• Maximal information is a purposive scenario that assumes that the researcher has almost full knowledge of the codes that exist in the population and the information sources in which they are present. At each sampling step, an information source is added to the sample that leads to the largest possible increase in observed codes. This scenario is in line with the theoretical aim of purposive sampling. However, it does not reflect scenarios where populations' sizes are unknown and too large. It makes large assumptions regarding the prior knowledge of the researcher about the population. An example of when this scenario might be realistic occurs when the researcher is extremely familiar with the field and the specific setting that he or she is investigating.

Simulation

I use simulations as they allow me to assess the effects of the three scenarios for a series of hypothetical populations that vary systematically regarding (1) the number of codes in the population and (2) the mean probability of observing codes. The controlled setting allows me to assess the relative influence of each of these factors on the reaching of theoretical saturation. In an empirical setting, this would not be possible, because the researcher can generally not control the characteristics of the population under study, because the number of populations that can be studied is limited and because it is never entirely certain whether theoretical saturation has been reached [27].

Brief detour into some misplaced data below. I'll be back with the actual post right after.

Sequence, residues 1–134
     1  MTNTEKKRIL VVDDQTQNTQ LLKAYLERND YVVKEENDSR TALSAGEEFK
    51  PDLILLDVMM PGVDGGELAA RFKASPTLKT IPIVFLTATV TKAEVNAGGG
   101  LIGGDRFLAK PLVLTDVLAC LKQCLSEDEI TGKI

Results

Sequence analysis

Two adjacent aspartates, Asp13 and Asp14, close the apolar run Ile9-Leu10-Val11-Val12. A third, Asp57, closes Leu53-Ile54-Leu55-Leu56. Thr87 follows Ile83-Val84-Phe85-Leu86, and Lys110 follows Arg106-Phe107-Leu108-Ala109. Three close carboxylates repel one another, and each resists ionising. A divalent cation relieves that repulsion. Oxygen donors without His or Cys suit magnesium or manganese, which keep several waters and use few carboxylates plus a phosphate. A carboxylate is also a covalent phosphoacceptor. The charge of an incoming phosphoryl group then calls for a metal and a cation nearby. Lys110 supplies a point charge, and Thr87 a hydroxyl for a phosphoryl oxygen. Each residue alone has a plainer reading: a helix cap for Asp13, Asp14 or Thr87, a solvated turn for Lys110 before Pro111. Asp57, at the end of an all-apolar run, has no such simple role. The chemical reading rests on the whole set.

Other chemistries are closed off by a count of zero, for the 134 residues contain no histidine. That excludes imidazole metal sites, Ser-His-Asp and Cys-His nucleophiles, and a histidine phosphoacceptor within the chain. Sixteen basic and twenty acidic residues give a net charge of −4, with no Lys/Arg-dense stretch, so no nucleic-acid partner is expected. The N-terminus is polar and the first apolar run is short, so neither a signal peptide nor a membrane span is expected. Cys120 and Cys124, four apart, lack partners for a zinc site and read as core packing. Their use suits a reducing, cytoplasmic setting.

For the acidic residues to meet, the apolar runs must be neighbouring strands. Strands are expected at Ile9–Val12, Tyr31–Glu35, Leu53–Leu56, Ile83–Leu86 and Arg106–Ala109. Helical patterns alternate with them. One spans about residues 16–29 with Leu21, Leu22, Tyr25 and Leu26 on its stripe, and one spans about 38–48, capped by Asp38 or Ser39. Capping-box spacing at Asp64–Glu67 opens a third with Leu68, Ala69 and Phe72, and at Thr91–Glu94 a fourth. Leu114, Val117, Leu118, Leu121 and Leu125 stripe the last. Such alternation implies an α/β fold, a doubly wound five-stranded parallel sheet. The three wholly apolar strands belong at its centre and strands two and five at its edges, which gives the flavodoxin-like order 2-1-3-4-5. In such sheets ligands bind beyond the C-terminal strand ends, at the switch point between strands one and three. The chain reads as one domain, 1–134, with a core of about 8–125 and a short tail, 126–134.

To keep the paper readable for audiences with either a quantitative or qualitative background, I minimize the mathematical details in the main text as much as possible. The full technical details of the simulation are in S1 Appendix, which can be read instead of sections 3.1 and 3.2. To relate sections 3.1 and 3.2 to S1 Appendix, I assign symbols to the most important concepts in the main text, and refer to the appropriate sections of S1 Appendix.

Definitions

I denote the number of sampling steps to reach theoretical saturation by ns, and the number of codes in the population as k. Theoretical saturation is reached when all k codes are observed (see S1 Appendix Section A: Definitions). I further denote the mean probability of observing codes as . I take the mean, because not all codes have the same probability of being observed. This means that some codes are more difficult to uncover than others (see S1 Appendix Section B: Mean probability of observing codes). However, making the unrealistic assumption that all codes have the same probability of being uncovered allows me to calculate the number of sampling steps mathematically (see S1 Appendix Section C: Reaching theoretical saturation). This calculation is not a result of the paper, it only helps me to validate results from the simulations. When there is a difference in probabilities of observing codes, it is not possible to mathematically calculate the number of sampling steps. Therefore, I use simulations. I denote the required minimum number of occurrences of a code by v. I will calculate the effect of this factor on the number of sampling steps for theoretical saturation (see S1 Appendix Section D: Repetitive codes). Finally, my simulations apply to the sub-population level, the results for the sub-populations can be aggregated to the population level (see S1 Appendix Section E: From sub-population to population).